Disease Du Jour: Kissing Spines in Equines

Kissing spines in horses can be hard to diagnose, and veterinarians should rely solely on radiographic changes for a diagnosis.
bucking chestnut English rider
Horses with kissing spines might show resistance to work when being ridden. Getty images

In this episode of the Disease Du Jour podcast, we spoke about kissing spines in equines with José M. García-López VMD, DACVS, DACVSMR. He is an Associate Professor of Large Animal Surgery at the University of Pennsylvania School of Veterinary Medicine, Department of Clinical Studies at New Bolton Center.

García-López said some of the initial signs that might lead a veterinarian to look at the possibility of kissing spines would include a horse suddenly resistant to saddling or being ridden. The horse might seem “sour” or not willing to take the correct lead. It might buck or even become violent.

“In the English sports it can be more subtle,” he said. The horse might be “tight across the back,” lack impulsion, not perform up to previous levels or have subtle attitude changes. However, he warned that even with these horses, kissing spines can cause them to become unrideable because of changes in behavior. “As soon as a saddle is close by, the horse will change and be resistant,” he said.

Tips for Diagnosing Kissing Spines

García-López made a specific point to tell veterinarians that radiographic changes are not necessarily clinical. “[Radiographic changes] doesn’t mean the horse is suffering from this condition,” he noted.

He said seeing changes on pre-purchase exam radiographs can be challenging. “If you see an abnormality, what do you do?” posed García-López. “Horses, especially Thoroughbreds, often have [radiographic] back changes.”

He said a good history is critical. Don’t let the horse get “pigeonholed” into having an issue with kissing spines just because of radiographs.

“Make sure to note a change in exercise, change in amount of work, change in rider or diet…then do a full lameness and visual evaluation,” García-López said. That includes range of motion and flexion of the back.

“There is evidence that if you use several [diagnostic] modalities together, it will increase your success of identifying kissing spines,” he noted. “Include nuclear scintigraphy. You can increase your accuracy up to about 80%.”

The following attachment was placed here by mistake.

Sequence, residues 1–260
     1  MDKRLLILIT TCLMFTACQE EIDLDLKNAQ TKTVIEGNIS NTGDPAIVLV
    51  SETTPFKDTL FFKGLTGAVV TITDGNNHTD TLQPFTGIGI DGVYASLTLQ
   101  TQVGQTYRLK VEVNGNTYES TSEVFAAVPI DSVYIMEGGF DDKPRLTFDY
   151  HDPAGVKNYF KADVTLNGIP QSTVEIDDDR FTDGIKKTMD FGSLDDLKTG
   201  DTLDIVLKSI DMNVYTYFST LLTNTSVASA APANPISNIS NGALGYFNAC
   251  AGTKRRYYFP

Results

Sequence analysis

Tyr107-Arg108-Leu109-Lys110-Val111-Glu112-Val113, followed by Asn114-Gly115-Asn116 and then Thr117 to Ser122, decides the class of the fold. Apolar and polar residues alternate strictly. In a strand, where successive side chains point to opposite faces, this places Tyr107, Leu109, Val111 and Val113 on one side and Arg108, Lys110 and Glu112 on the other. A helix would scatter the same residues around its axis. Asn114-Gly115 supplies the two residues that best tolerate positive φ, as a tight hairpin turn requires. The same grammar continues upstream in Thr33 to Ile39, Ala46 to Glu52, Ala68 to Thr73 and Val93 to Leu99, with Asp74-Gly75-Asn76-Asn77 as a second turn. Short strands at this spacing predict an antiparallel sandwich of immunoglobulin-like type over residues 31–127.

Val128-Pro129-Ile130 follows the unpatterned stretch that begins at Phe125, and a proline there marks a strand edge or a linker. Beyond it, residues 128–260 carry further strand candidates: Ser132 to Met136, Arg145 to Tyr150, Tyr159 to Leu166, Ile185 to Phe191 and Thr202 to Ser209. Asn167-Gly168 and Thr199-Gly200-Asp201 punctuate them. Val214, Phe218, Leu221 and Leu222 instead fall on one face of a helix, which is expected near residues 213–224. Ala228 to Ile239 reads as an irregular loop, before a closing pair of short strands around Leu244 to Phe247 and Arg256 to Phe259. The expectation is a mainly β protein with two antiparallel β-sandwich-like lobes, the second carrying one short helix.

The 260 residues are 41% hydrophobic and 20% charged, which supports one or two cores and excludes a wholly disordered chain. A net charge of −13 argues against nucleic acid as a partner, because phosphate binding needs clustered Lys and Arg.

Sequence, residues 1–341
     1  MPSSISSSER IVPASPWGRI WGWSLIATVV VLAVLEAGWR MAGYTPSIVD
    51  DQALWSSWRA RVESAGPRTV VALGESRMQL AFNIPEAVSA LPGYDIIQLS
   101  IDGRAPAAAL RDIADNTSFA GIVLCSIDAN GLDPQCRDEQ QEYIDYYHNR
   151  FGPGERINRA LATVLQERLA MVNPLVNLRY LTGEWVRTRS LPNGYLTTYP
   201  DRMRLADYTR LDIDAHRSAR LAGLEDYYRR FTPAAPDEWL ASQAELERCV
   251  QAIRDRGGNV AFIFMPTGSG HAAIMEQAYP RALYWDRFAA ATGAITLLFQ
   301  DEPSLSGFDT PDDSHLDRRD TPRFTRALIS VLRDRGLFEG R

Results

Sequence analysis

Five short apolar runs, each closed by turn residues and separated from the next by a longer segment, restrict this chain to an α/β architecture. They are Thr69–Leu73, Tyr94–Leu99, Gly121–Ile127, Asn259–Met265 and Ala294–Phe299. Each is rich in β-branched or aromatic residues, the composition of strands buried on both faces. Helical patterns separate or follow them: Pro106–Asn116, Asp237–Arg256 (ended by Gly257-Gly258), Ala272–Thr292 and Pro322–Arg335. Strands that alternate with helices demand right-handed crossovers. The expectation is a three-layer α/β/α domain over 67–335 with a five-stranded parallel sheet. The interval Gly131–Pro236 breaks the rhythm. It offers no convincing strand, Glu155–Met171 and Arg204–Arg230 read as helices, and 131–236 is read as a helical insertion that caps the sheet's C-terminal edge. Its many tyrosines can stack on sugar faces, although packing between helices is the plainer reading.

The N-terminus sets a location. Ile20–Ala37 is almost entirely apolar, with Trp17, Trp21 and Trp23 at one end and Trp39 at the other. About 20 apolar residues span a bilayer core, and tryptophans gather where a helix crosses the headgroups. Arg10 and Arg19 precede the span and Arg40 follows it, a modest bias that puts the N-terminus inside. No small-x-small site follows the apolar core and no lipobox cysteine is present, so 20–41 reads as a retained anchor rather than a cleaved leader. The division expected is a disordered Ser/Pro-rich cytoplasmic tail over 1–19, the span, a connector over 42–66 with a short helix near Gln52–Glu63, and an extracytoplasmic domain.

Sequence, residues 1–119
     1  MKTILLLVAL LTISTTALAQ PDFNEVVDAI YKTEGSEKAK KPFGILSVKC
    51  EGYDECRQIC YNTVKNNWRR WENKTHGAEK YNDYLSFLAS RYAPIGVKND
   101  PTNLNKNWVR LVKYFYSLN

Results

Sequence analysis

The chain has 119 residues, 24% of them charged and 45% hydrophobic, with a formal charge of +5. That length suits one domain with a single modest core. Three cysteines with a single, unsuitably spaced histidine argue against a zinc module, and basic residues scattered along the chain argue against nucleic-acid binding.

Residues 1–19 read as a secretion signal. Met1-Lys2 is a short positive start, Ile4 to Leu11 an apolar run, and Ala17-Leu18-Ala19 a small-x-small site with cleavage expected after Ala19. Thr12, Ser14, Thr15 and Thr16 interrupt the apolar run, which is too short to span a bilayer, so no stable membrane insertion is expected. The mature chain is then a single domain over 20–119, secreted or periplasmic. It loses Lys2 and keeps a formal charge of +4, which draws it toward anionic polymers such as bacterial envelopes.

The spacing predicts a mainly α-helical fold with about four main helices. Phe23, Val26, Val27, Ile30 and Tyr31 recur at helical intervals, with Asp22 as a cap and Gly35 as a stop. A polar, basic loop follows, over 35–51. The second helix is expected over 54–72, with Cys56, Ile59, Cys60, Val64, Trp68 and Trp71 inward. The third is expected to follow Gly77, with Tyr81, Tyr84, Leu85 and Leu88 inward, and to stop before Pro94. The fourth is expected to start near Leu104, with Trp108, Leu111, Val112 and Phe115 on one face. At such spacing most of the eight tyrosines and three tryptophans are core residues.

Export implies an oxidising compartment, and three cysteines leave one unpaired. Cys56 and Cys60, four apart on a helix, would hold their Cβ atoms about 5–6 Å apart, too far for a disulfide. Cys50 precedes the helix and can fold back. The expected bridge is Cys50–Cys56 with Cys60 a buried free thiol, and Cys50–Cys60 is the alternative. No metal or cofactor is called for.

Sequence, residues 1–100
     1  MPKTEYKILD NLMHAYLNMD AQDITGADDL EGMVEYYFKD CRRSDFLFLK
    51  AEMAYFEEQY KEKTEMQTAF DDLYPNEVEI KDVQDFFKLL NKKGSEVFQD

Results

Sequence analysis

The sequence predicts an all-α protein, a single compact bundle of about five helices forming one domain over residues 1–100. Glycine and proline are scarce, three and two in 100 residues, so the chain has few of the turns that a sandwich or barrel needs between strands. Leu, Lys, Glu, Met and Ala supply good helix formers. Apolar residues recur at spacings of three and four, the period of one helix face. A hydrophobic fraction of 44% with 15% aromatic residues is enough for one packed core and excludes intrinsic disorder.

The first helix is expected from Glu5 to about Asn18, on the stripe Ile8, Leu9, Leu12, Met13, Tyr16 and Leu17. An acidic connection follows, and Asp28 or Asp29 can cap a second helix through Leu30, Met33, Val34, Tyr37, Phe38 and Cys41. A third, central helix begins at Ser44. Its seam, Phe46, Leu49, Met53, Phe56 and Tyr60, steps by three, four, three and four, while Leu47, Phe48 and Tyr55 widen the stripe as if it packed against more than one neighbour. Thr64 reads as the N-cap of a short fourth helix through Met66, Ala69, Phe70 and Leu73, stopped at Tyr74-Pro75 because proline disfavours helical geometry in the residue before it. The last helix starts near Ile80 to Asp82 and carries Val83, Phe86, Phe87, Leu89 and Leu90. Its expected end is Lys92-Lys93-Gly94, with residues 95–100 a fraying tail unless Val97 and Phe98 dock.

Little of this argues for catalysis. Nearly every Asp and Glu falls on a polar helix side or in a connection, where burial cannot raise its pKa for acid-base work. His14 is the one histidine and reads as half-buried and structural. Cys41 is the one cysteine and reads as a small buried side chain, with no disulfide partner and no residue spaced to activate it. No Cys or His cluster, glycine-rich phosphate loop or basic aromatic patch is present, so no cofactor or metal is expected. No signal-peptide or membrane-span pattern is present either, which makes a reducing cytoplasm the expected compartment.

He said work done at Penn and Tufts showed combined modalities for evaluation increases diagnostic accuracy. “If you suspect an area, perform a block in the interspinal spaces,” advised García-López. He said he found those that blocked had a better prognosis.

Other Kissing Spine Information

García-López provided more information on diagnostics, treatments and follow-up for horses diagnosed with kissing spines. He discussed rehabilitation and noted that “surgery is not a shortcut” to healing. García-López recommends a strict rehabilitation program for horses treated for kissing spines.

García-López reminded veterinarians that if there are abnormalities on films, then do more testing. “If there is no scintigraphy, then block the area to confirm,” he advised. “If you only have films, then it won’t be as good for case selection.”

Prognosis for Horses

García-López said based on studies, there is quite a good prognosis for 80-88% of horses that can go back to work after being treated for kissing spines. “Case selection is key,” he said.

He noted that a good number that were competing at a high level might come back to compete at a lower level.

About Dr. García-López

Jose García-López, VMD, is a Diplomate of the American College of Veterinary Surgeons and a Diplomate of the American College of Veterinary Sports Medicine and Rehabilitation. He is an Associate Professor of Large Animal Surgery at the University of Pennsylvania School of Veterinary Medicine, New Bolton Center. He received his veterinary degree from the University of Pennsylvania in 1996. He did a residency in large animal surgery with an equine sports medicine focus at Tufts Cummings-School of Veterinary Medicine (1997 to 2000).

His research interests include

  • Development and refinement of orthopedic surgical procedures to improve equine patient outcomes.
  • Exploring the use of advanced imaging and orthopedic surgery as a reciprocal tool in order to improve our diagnostic and surgical proficiency when diagnosing and surgically managing equine orthopedic injuries.
  • Using of advanced imaging for the diagnosis and treatment of musculoskeletal injuries in equine sports medicine.

García-López said veterinarians may contact him with questions via email at jmgarcia@vet.upenn.edu.

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